Here's what the Iverson Movie Ranch obsession is all about ...

For an introduction to this blog and to the obsession a growing number of vintage film and TV fans have with the Iverson Movie Ranch — the most widely filmed outdoor location in movie and TV history — please read the site's introductory post, found here.
• Your feedback is appreciated — please leave comments on any of the posts.
• To find specific rock features or look up movie titles, TV shows, actors and production people, see the "LABELS" section — the long alphabetical listing on the right side of the page, below.
• To join the MAILING LIST, send me an email at iversonmovieranch@gmail.com and let me know you'd like to sign up.
• I've also begun a YouTube channel for Iverson Movie Ranch clips and other movie location videos, which you can get to by clicking here.
• Here's a link to Garden of the Gods, the best-known section of the Iverson Movie Ranch (featured in the movie "Stagecoach," the "Lone Ranger" TV show and hundreds of other productions).
• To go right to the great Iverson cinematographers, click here.
• Readers can email the webmaster at iversonmovieranch@gmail.com.

Sunday, March 17, 2013

A "Star Trek" shooting location — lost to history for almost half a century — has been found

It may come as a surprise given that "Star Trek: The Original Series" was all about exploring the universe, but the TV show rarely ventured outside the studio.

Only nine of the 79 episodes produced over the course of three seasons were shot on location, while another five episodes made it only as far as the backlot at Desilu Studios. The rest of the series, which aired on NBC from 1966-1969, was all done on soundstages.

The Gorn menaces Capt. Kirk in "Arena," 
shot at Vasquez Rocks

Those few location shoots have been a source of intrigue among "Star Trek" aficionados. Some shoots, such as the one shown above for the "Arena" episode at Vasquez Rocks, have become legendary. The episode featured an infamous fight sequence between Kirk and the rubber-suited Gorn across the distinctively tilted rocks. Vasquez was the remote location of choice for "The Original Series," with four episodes shot there.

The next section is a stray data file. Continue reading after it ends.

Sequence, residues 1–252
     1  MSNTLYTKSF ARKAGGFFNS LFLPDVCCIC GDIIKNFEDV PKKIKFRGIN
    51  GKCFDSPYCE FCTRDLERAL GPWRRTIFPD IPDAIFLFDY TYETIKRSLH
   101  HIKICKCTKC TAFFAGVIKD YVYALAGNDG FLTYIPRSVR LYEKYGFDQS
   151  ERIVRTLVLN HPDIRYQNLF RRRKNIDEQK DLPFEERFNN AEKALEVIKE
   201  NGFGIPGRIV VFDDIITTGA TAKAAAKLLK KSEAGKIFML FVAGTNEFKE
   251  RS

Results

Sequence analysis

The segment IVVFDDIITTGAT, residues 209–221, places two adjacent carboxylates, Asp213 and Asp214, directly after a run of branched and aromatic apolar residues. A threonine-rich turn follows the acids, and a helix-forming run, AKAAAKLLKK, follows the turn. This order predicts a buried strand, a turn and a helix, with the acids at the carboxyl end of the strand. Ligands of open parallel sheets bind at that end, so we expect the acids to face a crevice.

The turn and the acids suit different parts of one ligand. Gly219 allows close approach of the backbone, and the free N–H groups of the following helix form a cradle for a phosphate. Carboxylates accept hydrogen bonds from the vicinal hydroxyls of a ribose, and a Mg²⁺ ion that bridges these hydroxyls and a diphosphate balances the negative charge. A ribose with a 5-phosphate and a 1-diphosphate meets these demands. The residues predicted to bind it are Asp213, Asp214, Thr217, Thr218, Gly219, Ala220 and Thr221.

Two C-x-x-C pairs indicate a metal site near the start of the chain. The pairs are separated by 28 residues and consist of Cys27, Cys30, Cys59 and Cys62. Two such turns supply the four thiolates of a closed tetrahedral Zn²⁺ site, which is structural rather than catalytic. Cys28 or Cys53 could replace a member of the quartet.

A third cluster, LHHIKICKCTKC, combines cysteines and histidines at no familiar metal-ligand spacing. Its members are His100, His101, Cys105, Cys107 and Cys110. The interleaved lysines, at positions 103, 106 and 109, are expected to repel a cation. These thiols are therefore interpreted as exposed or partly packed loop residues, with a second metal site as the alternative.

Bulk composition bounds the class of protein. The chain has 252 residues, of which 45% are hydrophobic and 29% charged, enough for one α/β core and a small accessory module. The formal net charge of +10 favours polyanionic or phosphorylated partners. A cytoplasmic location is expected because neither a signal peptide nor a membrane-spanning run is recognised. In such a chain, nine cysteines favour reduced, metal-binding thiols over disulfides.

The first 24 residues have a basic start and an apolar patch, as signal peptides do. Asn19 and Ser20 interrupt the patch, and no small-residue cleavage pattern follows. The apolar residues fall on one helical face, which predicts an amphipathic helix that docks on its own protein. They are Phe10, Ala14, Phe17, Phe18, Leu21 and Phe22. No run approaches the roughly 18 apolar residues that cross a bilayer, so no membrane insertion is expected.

Landscape of Planet Neural in "A Private Little War," 
shot at Bell Location Ranch

"Trek" insiders have been working for years to determine the rest of the locations where "The Original Series," or "TOS," was shot, and that work is now pretty much complete. One of the most challenging episodes to figure out was "A Private Little War," which first aired Feb. 2, 1968, during the second season. I'm happy to be able to confirm that the location for this episode has been found: "A Private Little War" was shot on the lower plateau of the Bell Location Ranch, in the Santa Susana Mountains above Box Canyon, just outside of Chatsworth, Calif.

"A Private Little War"

The location shoot for "A Private Little War" has been widely misunderstood. Through a brief online search I found sites attributing the episode separately to Vasquez Rocks and Bronson Canyon, and I've seen a YouTube clip — no longer posted — by a fan who speculated it was shot at the Iverson Movie Ranch. Not one of those theories turns out to be correct. "Star Trek: TOS" did shoot one episode at Bronson Canyon — season two's "Bread and Circuses," which aired March 15, 1968. But the series never shot at Iverson.

A March 2013 expedition by a group of film historians to the site of the former Bell Ranch, spearheaded by "TOS" location expert Larry Herdman, finally unlocked the mysteries of "A Private Little War." One of the first signs the group was on to something was the sight of these rugged cliffs looming over Bell Ranch's lower plateau.

Here's that same rugged cliff area, as seen in early 1968 (but shot in late 1967) in "A Private Little War." The shot leaves no doubt as to where the episode was taped.

In an early scene from "A Private Little War," a small band of Villagers sets up an ambush in the rocks. The scene takes place in a group of rocks near the edge of Bell Ranch's lower plateau.